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Do You Need To Wear A Back Protector For Skiing?

31 December 2020 No comments
Do You Need To Wear A Back Protector For Skiing?

With the risk of injury whilst on the slopes, and developments in protection, comfort and effectiveness, you may be asking yourself if you need to wear a back protector for skiing or snowboarding. This article will give you an idea on some of the risks involved, benefits to wearing a protector, and the different types of protection available.

The Risks Of Skiing

As with nearly all sports, skiing does come with it’s own element of danger. Whilst the idea of falling over in soft snow doesn’t seem too bad, there are plenty of patches of solid ice, hidden rocks and objects below the snow that can quickly make a fall not quite as fun. Take into account the high speeds you can pick up, and it is really worth considering whether you are wearing adequate protection.

From a study carried out over a season in Sweden, the most common injuries seen in skiers were knee-related, and snowboarders were shoulder and upper arm related. However, out of all ski injuries, 4% were back-related, with this increasing to 7% for snowboarders. Whilst this is a lower percentage than other areas, it is important to consider that a back injury is more likely to be serious and potentially life-changing.

Ski Racing

GB skier Charlie Guest broke her back in 2014 whilst training Giant Slalom. After being persuaded by her coach, it was only the third time ever that she had worn a back protector for Giant Slalom. Had she not been wearing back protection that day, there could have been serious and long-lasting damage to her back, potentially ending her career as a skier. Charlie has since been promoting the benefits of back protection for all skiers.

Whilst Charlie is a professional ski racer, travelling at high speeds, it is important to consider that the average skier can still pick up high speeds, which increase the chance of serious injury. Another consideration is the threat that other slope users pose. Whether an out of control newbie, somebody skiing faster than their ability, or a moment of panic, collisions with other slope users are never good.

For more specific styles of skiing, each has it’s own added risk. Backcountry skiers have a number of reasons to consider additional protection, with uncovered (or shallow snow cover) objects such as rocks, alongside tree trunks, branches and stumps also adding to the risk. Freestyle and park skiers hitting jumps, rails and halfpipe, all also have a higher chance of taking a tumble.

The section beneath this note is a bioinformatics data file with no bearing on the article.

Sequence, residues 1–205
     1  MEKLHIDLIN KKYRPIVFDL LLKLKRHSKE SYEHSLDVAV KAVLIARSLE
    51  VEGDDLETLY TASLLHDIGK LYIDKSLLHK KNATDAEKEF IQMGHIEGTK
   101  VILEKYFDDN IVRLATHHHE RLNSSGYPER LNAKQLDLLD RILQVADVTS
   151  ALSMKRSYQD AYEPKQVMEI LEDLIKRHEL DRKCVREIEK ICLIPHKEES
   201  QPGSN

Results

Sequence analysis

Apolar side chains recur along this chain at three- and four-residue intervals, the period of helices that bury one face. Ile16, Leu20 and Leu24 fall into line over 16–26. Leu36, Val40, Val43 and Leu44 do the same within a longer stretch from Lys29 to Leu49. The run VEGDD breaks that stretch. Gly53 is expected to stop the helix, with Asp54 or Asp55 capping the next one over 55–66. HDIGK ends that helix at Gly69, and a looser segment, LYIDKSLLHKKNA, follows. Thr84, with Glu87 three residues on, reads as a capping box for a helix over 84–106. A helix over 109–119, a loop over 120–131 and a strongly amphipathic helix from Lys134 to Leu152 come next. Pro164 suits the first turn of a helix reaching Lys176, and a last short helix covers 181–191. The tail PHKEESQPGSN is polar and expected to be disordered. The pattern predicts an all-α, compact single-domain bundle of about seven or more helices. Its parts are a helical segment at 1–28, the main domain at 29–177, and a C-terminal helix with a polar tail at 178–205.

Benefits To Wearing Back Protection For Skiing

Male and Female Skiers

Back protection offers a number of benefits to users, and with development and technology, they are now as comfortable and effective as ever. Here are some of the main benefits to wearing back protection:

  • If you suffer an impact, collision or fall, the force is spread across the whole of the protector, dampening the resulting force
  • The hard surface on back protectors prevent sharp objects such as branches, stones or sticks getting through
  • Thanks to their shape, back protectors also offer stabilization for your spinal cord

Are There Any Disadvantages To Wearing A Back Protector?

Any downsides to wearing a back protector are fairly minor. The most common complaints come from them being bulky, or uncomfortable on chairlifts. There are a few ways of resolving this, the most important being to ensure that the protector fits your correctly. There is also the option to choose from a hard shell or soft shell protector, with the later typically being lower profile. However, if you purchase a protector that fits you well and offers the right protection for you, then you shouldn’t have any problems.

Different Types of Back Protectors

There are two main types of back protection, soft shell and hard shell. Both offer similar protection, but with a couple of subtle differences between the two; the best option comes down to personal preference.

Hard Shell

Hard shell protectors are made from hard plastic and consist of a number of fixed panel which work as a protective outer shell. Through the construction of the panels, they connect to each other in a way that allows flexible movement and airflow. A soft foam is usually built between the plates and your back which offers cushioning for comfort and helps aid protection in case of an impact.

Hardshell Protector

The Demon Flexforce Pro Spine Guard Back Protector is a great example of a hardshell. With a combination of performance foam and hard plastic shell made from flex control panels, there is a great mixture of comfort and safety. 

Soft Shell

In recent years, Soft Shell protectors have emerged as the more popular of the two types of back protection. They are typically made of a soft foam hybrid material. This has a couple of benefits with the most obvious being that they are lighter than hardshells. They also better mould to the shape of your body.

Softshell Protector

The Atomic Men's Live Shield Vest AMID is an excellent example of a softshell protector, and one of the comfiest back protectors available. With Atomic's Multi-directional Impact Deflector material, impacts are absorbed and dispersed, with the tubular foam flexing and adapting to the shape of your body.

Huw Saunders

About the Author:

Huw Saunders - Outdoor Expert

Growing up in rural Wales, Huw has been immersed in the outdoors for as long as he can remember. If not surfing the Welsh coast, he can now usually be found either running or hiking in the Peak District and through the winter, tries to get out to Europe to ski as much as possible.

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